I’ve recently returned from yet another “What does Brexit mean to you” event and as...read more
All large public and private employers will be required to prove their gender equality practices or face further auditing and fines under a Labour government, according to the Shadow Minister for Women and Equalities.
Dawn Butler MP says Labour will go further than the Government on gender pay audits. She says it will ensure that gaps are “not just being identified, but that necessary action is being taken to close them”. She adds that employers who meet the criteria will obtain government certification and will be considered for government procurement contracts.
Butler said: “In 1970 Labour introduced the Equal Pay Act but nearly 50 years later, women are still paid on average over 14 per cent less than men.
“It’s time to close the gender pay gap once and for all. But to address these deep rooted inequalities, we need action, not just audits.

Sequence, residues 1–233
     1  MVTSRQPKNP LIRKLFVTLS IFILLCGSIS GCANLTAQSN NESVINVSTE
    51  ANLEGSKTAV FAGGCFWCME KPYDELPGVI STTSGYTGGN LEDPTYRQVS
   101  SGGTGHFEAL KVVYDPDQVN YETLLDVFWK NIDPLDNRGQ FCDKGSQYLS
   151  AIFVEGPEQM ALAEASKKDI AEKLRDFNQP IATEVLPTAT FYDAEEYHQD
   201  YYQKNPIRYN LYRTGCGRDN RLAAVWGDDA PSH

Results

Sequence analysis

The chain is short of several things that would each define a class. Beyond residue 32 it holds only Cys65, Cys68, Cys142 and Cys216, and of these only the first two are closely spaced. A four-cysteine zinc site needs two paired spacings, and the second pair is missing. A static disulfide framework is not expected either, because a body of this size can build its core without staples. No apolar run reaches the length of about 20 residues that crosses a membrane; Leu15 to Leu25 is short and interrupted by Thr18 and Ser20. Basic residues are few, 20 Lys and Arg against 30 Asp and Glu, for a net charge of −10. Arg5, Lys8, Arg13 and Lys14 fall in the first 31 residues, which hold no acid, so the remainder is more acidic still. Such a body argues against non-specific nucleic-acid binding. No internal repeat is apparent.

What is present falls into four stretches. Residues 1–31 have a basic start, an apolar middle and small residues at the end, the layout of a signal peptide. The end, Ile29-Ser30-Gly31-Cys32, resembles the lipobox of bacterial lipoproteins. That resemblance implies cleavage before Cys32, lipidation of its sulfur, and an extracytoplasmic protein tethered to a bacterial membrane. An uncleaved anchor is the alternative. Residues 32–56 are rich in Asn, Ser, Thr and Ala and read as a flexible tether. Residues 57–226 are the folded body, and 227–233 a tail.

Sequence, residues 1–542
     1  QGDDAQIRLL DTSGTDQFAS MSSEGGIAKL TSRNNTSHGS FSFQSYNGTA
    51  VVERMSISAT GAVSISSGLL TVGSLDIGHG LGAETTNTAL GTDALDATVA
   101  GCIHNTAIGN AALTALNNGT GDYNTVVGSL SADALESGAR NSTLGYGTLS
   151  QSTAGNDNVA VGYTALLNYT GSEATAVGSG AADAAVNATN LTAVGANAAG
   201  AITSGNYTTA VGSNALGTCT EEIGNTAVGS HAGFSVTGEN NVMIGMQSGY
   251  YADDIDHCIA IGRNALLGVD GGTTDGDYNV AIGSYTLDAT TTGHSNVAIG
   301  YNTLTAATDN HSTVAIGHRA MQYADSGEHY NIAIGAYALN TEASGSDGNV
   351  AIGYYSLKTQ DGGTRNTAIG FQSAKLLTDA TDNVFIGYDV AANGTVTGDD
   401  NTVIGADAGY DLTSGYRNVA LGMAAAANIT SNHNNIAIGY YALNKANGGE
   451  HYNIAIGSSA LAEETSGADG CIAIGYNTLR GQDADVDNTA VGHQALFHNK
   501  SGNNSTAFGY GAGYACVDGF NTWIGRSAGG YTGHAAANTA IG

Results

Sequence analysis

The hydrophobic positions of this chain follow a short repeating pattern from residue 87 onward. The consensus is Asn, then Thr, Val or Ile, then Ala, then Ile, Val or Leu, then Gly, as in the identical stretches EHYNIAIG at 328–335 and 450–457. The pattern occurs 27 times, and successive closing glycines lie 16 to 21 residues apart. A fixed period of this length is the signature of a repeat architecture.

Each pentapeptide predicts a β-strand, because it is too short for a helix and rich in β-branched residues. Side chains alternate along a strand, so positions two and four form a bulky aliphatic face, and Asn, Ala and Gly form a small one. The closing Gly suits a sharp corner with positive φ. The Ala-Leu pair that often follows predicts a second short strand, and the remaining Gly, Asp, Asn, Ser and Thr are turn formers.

“The next Labour government will require all large employers to prove how they plan to tackle their gender pay gaps and prove they are equal pay employers.”
In an article in The Guardian she said that Labour would seek to adopt legislation similar to Iceland which became the first country in the world to require firms to prove what action is being taken to achieve equal pay.
Gender pay audits are a way of highlighting any gender pay gaps within an organisation. Legally, employers with over 250 employees have to report on their figures by 4th April. They are currently advised to publish a statement on what they are doing to address any gaps, but there are no sanctions for not doing so. Gaps can be the result of not enough women being in senior positions in an organisation as well as other issues.
They are not to be confused with equal pay which is about being paid the same for work of equal value. There are currently a number of cases related to equal pay going through the courts.
France is considering introducing new legislation by 2020 to enforce equal pay. It is estimated that there is a 9 per cent wage difference between French men and women holding similar positions and with similar experience and education. It is proposed that software could be installed on company payroll systems to monitor unjustified pay gaps.